LB - I've never looked at the Carré, I've never looked at it. So, I never had any interest in it. I'm relatively allergic to other people reworking things. So I never made a close comparison of the two. What is important about the 1887 version is that it calls for dialogue which we do have. Now, we've shortened the dialogue because it doesn't need to be quite as long as the original. So the dialogue is streamlined but it is there.
OL - Staging this opera at the Bard, was it your idea?
LB - Yes.
OL - Why did you pick it?
LB - Because every summer we focus on a composer and his world. This year the focus of the Summer Festival is Camille Saint-Saëns, and so we decided on a 19th century French opera. So we narrowed down the choices; it came down to three. We always want an opera that is not spoken for. This year we are in a joint production with Wexford. So, we wanted to do something that we could find a co-producer for, and that was also unjustly, rarely given. So it came down to three. The other two were, first, Henry VIII of Saint-Saëns, which we felt would make a better impression initially in a semi-staged concert version, which we are doing. And the second one was the Chausson, Le Roi Arthus, which I very much believe in as a staged opera, but my colleagues thought that of the two Le Roi Malgré Lui had a better chance at being picked up by other opera companies, largely because Le Roi Arthus is probably harder to cast. Lancelot is a hard role to cast. The closing of Le Roi Arthus is a very complex choral ending. And the feeling was that it is so dependent on a first rate chorus that it was less practical as an opera to be staged, whereas Le Roi Malgré Lui is completely a natural for the stage.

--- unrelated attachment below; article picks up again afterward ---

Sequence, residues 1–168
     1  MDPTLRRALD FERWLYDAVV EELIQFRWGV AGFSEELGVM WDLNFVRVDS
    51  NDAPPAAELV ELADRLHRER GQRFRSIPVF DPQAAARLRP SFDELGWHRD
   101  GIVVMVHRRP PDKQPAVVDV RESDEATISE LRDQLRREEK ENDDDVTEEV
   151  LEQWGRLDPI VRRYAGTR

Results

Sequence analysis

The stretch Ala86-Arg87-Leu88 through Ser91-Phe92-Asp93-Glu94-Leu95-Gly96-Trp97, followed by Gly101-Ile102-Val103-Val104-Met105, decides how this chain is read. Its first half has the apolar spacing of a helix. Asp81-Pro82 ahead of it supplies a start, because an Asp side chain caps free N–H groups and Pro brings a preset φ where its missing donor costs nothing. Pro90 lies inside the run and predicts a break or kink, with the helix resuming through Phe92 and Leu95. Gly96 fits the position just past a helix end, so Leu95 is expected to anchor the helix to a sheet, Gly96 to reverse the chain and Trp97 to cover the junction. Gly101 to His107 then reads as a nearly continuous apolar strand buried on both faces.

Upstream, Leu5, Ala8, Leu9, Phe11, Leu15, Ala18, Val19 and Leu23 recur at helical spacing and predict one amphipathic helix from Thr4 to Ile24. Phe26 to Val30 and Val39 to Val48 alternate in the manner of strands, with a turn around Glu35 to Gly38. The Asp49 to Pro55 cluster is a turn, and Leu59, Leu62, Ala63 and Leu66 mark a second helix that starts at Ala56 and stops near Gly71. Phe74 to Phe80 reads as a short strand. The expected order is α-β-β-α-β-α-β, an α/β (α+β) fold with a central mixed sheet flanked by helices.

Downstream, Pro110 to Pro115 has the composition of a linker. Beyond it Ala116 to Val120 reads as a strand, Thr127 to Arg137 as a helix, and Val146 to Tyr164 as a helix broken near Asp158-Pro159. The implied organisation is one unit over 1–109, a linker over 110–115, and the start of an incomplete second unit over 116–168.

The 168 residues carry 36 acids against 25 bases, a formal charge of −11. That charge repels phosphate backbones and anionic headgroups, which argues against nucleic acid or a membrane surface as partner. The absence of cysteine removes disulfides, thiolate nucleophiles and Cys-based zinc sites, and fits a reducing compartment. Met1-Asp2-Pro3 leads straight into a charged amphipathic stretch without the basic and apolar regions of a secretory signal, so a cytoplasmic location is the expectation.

OL - How are the acoustics at the Richard B. Fisher Performance Arts Center? It’s a relatively small house. Were there any problems in getting this staging going?
LB - Oh, no, no. We had nine operas there, it is an ideal opera house - about 900 seats, fabulous acoustics, great for the singers, it's a terrific hall.
OL - We on Opera Lively are particularly fond of Thaddeus Strassberger and Liam Bonner, given that they are part of the group of our former interviewees. Can you please tell us a little about your experiences while working with Thaddeus and Liam?
LB - Thaddeus is a brilliant, original, and highly thoughtful director. He's a pleasure to work with. This is my third project with him. Next year we are working together again. We are doing Oresteia by Sergei Taneyev, based on Aeschylus. Our subject is Stravinsky, who thought very well of Taneyev, so we were looking for a Russian opera with a fabulous score that is not in the public view, and we settled on Oresteia. It will be a sensation, and Thaddeus is going to direct it. So this will be my fourth project with him. He has a tremendous visual and dramatic sensibility. He can make something that seems not stageable, stageable. And I trust him with the seriousness of the task. He is never arbitrary.
And Liam Bonner is just a terrific singer with a tremendous theatrical gift. Beautiful voice, powerful, and excellent actor.
OL - Good! We agree! So let's shift gears from this production, and talk a little bit about the American Symphony Orchestra. It’s been trying to focus on neglected repertoire, and it doesn’t shy away from coming up with a fair number of US and New York State premieres. What do you want to accomplish with the orchestra? Are you happy with how things are going?
LB - Oh, I'm very proud of the orchestra. What I want to accomplish is to rescue the history of music. What is happening in classical music is the erosion of historical memory, and the disappearance of the larger part of the historical repertoire, especially in its larger part - symphonic, and operatic. So we are left with a very vibrant new music scene, restricted to chamber music and small ensembles and crossovers, and occasionally new opera, which, you know, depends on lavish resources - and a complete erosion of the historical repertoire for opera and orchestra.